The outlook for the battered property market remains bleak despite the 1.2 per cent house price rise in May that was revealed by the Nationwide building society yesterday.
The wider pace of decline is slowing, with a drop of just 0.5 per cent over the past three months, the slowest rate since January 2008. And although the average selling price of £154,016 is still more than 11 per cent lower than a year ago, that is a major improvement on the yearly decline of 15 per cent recorded in April. But there are further falls to come. Martin Gahbauer, the chief economist at the Nationwide, said.
"Although the short-term trend in house prices has clearly improved from where it was at the beginning of the year, it is still too early to say that the market is turning definitively. During the downturn of the early 1990s, there were many months during which prices rose, only to fall back down again in subsequent periods."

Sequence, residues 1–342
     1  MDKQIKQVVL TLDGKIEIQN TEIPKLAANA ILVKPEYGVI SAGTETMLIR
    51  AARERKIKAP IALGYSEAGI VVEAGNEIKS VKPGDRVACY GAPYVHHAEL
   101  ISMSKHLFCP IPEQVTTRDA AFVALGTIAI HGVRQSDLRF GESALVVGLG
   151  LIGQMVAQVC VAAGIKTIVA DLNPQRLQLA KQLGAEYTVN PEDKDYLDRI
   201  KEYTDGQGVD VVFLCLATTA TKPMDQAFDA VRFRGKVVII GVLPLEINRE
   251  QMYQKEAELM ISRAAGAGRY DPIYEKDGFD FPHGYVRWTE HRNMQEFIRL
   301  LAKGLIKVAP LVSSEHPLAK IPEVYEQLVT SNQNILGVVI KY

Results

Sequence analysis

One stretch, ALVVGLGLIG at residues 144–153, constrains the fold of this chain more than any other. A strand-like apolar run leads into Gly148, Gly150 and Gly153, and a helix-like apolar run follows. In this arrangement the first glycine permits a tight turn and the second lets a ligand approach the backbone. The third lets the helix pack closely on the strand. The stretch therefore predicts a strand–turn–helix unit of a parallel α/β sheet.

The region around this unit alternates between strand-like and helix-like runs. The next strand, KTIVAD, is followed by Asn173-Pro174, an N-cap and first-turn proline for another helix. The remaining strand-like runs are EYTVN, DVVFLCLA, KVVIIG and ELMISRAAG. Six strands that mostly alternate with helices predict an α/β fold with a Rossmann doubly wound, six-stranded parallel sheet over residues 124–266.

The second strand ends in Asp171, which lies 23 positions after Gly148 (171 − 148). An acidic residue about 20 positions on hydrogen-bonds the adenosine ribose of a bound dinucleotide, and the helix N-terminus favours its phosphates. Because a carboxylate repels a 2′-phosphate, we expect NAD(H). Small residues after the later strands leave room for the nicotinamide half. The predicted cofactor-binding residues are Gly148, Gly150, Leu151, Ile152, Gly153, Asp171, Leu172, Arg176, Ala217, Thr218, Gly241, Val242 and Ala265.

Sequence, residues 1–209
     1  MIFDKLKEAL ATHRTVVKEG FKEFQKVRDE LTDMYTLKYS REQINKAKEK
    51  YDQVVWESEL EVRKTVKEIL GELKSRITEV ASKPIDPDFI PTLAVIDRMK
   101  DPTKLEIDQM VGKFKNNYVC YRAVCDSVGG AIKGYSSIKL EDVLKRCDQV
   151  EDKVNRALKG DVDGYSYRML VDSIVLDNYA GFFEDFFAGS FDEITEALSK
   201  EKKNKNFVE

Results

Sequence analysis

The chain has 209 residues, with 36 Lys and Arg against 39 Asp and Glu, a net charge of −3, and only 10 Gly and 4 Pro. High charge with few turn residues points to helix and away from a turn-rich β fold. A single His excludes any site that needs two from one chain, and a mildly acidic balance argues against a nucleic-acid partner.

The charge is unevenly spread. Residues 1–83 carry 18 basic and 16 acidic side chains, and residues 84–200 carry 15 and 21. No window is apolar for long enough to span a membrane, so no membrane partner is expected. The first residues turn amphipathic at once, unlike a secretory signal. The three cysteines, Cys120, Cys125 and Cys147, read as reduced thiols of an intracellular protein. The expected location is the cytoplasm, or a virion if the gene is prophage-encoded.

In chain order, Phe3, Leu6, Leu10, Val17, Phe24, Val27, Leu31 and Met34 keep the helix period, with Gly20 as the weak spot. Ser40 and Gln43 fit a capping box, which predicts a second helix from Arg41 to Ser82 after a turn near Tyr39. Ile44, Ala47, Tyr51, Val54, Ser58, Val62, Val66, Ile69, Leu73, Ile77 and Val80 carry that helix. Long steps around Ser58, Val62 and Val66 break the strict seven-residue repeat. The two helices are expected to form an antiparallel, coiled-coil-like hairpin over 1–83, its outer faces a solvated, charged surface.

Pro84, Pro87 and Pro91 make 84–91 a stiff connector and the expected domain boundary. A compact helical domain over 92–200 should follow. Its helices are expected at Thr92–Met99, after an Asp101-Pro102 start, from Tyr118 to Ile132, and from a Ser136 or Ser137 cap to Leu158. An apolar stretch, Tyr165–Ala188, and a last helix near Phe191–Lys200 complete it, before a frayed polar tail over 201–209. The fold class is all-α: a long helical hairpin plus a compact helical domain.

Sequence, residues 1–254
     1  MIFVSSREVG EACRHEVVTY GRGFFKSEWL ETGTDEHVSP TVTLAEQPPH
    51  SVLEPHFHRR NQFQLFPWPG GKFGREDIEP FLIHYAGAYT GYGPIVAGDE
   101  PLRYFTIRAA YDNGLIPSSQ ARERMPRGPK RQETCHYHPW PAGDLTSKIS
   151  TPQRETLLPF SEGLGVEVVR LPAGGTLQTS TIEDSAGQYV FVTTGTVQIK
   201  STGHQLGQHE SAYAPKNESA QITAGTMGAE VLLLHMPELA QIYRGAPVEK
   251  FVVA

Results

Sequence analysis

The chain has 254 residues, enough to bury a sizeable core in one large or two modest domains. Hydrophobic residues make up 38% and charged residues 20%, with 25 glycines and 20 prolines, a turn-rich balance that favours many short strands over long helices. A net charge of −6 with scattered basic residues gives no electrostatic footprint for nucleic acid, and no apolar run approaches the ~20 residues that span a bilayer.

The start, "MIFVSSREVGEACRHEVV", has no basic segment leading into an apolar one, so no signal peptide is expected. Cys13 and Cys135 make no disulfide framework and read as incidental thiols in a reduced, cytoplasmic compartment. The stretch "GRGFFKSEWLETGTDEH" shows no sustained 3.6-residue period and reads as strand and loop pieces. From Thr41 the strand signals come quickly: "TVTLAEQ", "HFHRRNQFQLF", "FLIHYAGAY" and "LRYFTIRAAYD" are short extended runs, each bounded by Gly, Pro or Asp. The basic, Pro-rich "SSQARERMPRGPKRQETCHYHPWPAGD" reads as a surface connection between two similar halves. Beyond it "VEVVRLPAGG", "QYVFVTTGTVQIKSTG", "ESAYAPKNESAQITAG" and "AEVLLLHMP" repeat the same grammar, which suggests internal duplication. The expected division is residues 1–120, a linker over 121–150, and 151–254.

Part of the recent rises can be accounted for by reduced supply. Potential sellers are renting out their properties rather than attempting to sell in a depressed market, and fewer houses are being built as homebuilders struggle with collapsing demand.
Demand will also be hit harder as the recession in the real economy starts to filter through. Rising unemployment, continuing difficulties accessing credit and feeble consumer confidence will keep a downward pressure on prices.
Although falls may slow, prices will drop by another 12 per cent before bottoming out in the middle of next year, according to IHS Global Insight. Howard Archer, the chief economist at IHS Global Insight, said: "The pick-up in activity will be both gradual and fitful for an extended period. Sharply higher unemployment, muted wage growth and an unwillingness to commit to buying a house when worried about the outlook are all factors likely to continue to weigh down on the housing market for some time to come."Reuse content